You receive from creatures their limited help and service and leave their vast unknown treasures in the chest. Do not disdain what is less nor long for that which is more. Let these creatures of the Creator instruct you about the Creator Himself: you should boldly ask His help and shy away from sophistry about Him. Accept the life of divine Majesty, but do not probe it! Love the Father’s goodness, but do not scrutinize His essence! Yearn after and love the Son’s blessedness, but do not inquire about his eternal birth! Long for the presence of the Holy Spirit, but do not try to fathom Him! The Father, Son and Holy Spirit are registered by their names. Ponder their names and do not mull over their content! If you want to scrutinize their essence, you are lost; if you believe in the name, you are safe. Let the Father’s name be a limit for you; do not surpass it trying to plumb His nature! Let the Son’s name be a wall for you; do not try to scale it to scrutinize His generation! Let the Holy Spirit’s name be for you a hedge; do not enter in order to understand! These names will be a limit for you and with them stop every investigation. You have heard the names and their reality. Turn to the commandments! You have perceived the laws and the commandments. Turn now to your way of living! You have accomplished it perfectly, then turn to the promises! Do not neglect the commandments to apply yourself to what is not prescribed! You have heard the truth in manifested realities, do not go astray in the case of hidden things! Truth is proclaimed in few words, do not search it with lengthy probes! Save your effort by being silent, O frail being!

June 1, 2018

Under the Linden Tree


Have you ever enjoyed the smell of linden trees in late spring to early summer? Sweet, heady, totally overwhelming with their aroma, in the Northeast of Italy these majestic trees—also known as lime trees (though with no connection to the fruit) or basswoods—usually blossom between the end of May and the beginning of June. Every time it’s the same wonderful olfactive experience. Only God knows how much I love this time of the year! The scent is so strong that you can smell it hundreds of yards away—actually, the odor is more pronounced further from the source! As soon as you get out or open the windows to let in the light of the day or the cool air of the night, the gentle and pervasive smell of linden trees spreads everywhere and reigns supreme. It’s something magical, it’s a kind of urban miracle that transforms the town into a scene that wouldn’t look out of place in a fairy-tale.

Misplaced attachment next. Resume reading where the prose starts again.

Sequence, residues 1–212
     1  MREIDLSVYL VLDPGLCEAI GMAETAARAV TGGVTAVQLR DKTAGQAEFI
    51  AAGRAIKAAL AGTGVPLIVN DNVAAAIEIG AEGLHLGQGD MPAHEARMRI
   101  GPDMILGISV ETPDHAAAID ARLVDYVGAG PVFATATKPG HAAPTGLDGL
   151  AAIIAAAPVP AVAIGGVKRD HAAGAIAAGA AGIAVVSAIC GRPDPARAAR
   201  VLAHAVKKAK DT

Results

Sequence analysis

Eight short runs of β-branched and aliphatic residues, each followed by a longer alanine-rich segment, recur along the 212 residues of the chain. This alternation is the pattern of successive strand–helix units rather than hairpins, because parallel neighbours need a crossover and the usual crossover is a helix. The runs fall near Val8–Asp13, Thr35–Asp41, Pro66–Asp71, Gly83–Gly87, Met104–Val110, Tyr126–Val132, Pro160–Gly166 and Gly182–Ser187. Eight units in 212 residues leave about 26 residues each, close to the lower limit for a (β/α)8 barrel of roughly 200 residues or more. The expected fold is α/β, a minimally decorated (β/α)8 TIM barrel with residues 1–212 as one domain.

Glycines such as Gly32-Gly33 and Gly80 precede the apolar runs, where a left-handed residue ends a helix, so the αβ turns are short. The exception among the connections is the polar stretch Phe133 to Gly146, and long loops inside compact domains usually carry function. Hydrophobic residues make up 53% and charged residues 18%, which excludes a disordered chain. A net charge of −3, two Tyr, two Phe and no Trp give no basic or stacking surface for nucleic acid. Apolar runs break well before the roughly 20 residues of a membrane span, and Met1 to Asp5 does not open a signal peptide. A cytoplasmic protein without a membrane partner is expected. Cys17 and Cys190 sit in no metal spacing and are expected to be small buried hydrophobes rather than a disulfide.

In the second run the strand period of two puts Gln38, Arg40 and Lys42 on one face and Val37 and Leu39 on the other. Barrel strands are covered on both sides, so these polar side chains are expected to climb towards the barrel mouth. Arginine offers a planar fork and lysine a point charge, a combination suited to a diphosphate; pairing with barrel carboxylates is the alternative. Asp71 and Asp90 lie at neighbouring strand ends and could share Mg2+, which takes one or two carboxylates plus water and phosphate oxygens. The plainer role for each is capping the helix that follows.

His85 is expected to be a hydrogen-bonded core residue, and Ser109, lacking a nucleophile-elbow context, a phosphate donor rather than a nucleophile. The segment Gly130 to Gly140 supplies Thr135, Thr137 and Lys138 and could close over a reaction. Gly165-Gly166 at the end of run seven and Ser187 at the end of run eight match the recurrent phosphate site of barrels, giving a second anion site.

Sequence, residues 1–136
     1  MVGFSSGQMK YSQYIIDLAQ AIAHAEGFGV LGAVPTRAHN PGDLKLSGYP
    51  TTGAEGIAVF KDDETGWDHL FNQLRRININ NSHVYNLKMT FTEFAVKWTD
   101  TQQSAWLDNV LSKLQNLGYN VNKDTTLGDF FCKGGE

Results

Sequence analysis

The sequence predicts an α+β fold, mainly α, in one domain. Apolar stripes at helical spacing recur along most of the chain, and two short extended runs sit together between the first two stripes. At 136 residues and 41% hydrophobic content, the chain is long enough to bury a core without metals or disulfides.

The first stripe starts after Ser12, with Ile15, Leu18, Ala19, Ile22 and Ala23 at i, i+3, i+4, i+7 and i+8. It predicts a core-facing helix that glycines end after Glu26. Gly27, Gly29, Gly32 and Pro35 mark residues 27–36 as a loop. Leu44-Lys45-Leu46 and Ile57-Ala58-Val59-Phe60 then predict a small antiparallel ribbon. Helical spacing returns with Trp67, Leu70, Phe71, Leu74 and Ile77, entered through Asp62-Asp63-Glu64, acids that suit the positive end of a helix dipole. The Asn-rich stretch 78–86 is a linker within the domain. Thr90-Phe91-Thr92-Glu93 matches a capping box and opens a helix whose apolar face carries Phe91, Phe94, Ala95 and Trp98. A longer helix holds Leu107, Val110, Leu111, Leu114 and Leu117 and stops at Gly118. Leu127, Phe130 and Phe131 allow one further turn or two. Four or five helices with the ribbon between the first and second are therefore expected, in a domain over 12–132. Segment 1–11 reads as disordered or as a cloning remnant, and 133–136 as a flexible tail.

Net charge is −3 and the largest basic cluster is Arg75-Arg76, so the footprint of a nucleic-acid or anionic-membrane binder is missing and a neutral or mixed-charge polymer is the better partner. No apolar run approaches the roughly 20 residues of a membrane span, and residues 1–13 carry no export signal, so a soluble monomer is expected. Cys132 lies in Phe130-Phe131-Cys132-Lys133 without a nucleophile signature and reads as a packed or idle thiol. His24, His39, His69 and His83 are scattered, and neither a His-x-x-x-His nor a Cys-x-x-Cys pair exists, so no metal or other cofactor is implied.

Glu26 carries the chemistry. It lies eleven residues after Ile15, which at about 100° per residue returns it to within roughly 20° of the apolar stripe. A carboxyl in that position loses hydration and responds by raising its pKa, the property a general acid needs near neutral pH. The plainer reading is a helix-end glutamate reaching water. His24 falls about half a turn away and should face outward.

Walther von der Vogelweide
Not for nothing in China, the linden is named the tree of forgetfulness because its energy is soft, gentle and it offers the sensation of warmth and peace. It’s also interesting that in the Hellenic period of Egypt, the masks of the sarcophagus of Fayoum were made of linden wood—which proves the sacred nature of this tree since ancient times—and that in the mythology of Ancient Rome, it was a symbol of marital love and fidelity in the couple. In turn, in Slavic mythology the linden was considered a sacred tree—in Polish folklore, the belief still exists that the linden tree planted in front of a house protects the family from the evil spirits…—while the Germans considered it as a sacred tree of the lovers because it had the capacity to give fertility and prosperity.

The linden tree also appears as a romantic symbol in medieval poetry. For example, there is a medieval love poem called Unter der Linden (“Under the Lime Tree”), which is one of Walther von der Vogelweide’s best-known pieces. In it, a naïve, common-class girl rejoices in her love experience under the linden tree, the crushed flowers still showing the place where the couple had lain. I’m quoting it because I think this is an appropriate way to celebrate the linden tree.

1. Under the lime tree
On the heather,
Where we had shared a place of rest,
Still you may find there,
Lovely together,
Flowers crushed and grass down-pressed.
Beside the forest in the vale,
Tándaradéi,
Sweetly sang the nightingale.

2. I came to meet him
At the green:
There was my truelove come before.
Such was I greeted —
Heaven's Queen! —
That I am glad for evermore.
Had he kisses? A thousand some:
Tándaradéi,
See how red my mouth's become.

3. There he had fashioned
For luxury
A bed from every kind of flower.
It sets to laughing
Delightedly
Whoever comes upon that bower;
By the roses well one may,
Tándaradéi,
Mark the spot my head once lay.

4. If any knew
He lay with me
(May God forbid!), for shame I'd die.
What did he do?
May none but he
Ever be sure of that — and I,
And one extremely tiny bird,
Tándaradéi,
Who will, I think, not say a word.

[Modern English translation by Raymond Oliver]

May 3, 2018

Do not Cast Your Pearls Before Swine


Rudeness is a contagious behavior that spreads rapidly, and, as we all know, is rampant everywhere nowadays. Edmund Burke once said that, “Rudeness is the weak man’s imitation of strength.” Perhaps this suggests that, given the widespread diffusion of such contagious behaviors, weak people are the majority of humans. Be that as it may, however, well-mannered and kind people are becoming increasingly rare. At the same time, it must be said that, often, the ruder they are, the more demanding of other people’s time and attention they are. Clearly, they take too much for granted.